A metallized coating (a metallic alloy applied to a base metal or concrete) is intended, in most applications, to be a form of protection to an underlying metal substrate. The act of applying the coating is referred to as metallizing. Metallizing can be achieved in several ways such as hot-dipped galvanizing or thermal arc spraying, applied in situ or in a shop. Zinc, which was first used in construction in 79 AD, is the most used metal for this process. Half of the zinc produced today is used for corrosion protection of steel structure.
Zinc is the prominent metal of choice for metallized coatings as it corrodes slower than ferrous metals and is less noble than steel. Noble metals are resistant to chemical actions and oxidation and do not corrode. In the Galvanic Series of Metals, metals are ranked from ‘noble’ to ‘active’ based on the metals’ potential. Zinc is often a good choice as an anode due to its electronegative potential (Figure 1).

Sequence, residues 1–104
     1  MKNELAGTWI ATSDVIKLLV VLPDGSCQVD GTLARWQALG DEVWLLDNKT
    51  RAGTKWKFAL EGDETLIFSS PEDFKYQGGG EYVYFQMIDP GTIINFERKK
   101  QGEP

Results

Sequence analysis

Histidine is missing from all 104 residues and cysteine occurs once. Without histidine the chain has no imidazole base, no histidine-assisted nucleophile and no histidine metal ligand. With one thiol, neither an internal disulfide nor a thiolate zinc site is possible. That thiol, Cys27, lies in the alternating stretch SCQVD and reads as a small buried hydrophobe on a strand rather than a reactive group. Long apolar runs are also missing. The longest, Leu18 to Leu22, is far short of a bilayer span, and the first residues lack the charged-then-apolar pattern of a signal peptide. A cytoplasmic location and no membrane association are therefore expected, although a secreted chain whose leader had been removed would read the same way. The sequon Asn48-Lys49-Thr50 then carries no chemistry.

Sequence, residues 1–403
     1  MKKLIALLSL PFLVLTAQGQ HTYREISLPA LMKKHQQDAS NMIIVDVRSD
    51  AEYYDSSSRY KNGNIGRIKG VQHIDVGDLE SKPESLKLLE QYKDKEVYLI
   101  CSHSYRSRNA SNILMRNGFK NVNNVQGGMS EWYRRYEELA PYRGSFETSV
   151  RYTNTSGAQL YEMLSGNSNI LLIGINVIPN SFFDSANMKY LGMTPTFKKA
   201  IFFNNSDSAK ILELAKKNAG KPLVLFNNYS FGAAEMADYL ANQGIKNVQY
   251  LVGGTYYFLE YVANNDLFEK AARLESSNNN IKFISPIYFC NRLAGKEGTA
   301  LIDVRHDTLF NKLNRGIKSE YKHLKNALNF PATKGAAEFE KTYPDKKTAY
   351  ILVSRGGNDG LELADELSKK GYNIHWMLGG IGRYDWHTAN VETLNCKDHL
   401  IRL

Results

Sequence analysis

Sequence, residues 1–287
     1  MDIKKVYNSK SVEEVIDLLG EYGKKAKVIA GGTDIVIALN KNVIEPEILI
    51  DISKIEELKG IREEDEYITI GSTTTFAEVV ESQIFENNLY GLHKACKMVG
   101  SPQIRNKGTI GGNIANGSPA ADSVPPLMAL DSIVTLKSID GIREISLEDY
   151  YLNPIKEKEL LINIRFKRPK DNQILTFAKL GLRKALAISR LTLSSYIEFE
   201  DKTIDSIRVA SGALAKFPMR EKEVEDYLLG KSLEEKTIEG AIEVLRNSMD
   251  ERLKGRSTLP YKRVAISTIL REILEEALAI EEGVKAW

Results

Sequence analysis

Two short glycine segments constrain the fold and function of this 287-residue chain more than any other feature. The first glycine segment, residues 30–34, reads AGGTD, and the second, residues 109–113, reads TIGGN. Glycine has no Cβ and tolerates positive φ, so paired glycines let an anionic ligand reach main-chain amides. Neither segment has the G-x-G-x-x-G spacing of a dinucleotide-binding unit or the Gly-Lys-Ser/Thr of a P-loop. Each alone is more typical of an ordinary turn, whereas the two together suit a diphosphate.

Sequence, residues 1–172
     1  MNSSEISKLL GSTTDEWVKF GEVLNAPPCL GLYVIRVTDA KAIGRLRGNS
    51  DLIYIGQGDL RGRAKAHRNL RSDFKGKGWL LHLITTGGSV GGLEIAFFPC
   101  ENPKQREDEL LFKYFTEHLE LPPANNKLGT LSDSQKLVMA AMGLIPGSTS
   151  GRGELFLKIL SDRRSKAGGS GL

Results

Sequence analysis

Figure 1. Basic galvanic series of metals for construction.
In electropotential relationships, when two metals are joined, the more electronegative metal becomes anodic to the more noble metal. At this state, the anodic metal corrodes preferentially to the more noble metal. This is commonly referred to as sacrificial corrosion, where the anodic metal sacrifices itself to the cathodic metal.
The range of metallized zinc coatings can be seen in Figure 2. This image depicts the types and thickness of the applied metal to the substrate. These coatings are generally termed as galvanized coatings, though their application methods differ.
The focus of this article is to look at metalized coatings applied to steel and concrete where the coating is used to prevent corrosion and extend the service life of the treated component in steel structure.
Figure 2. Various zinc coating thickness comparison.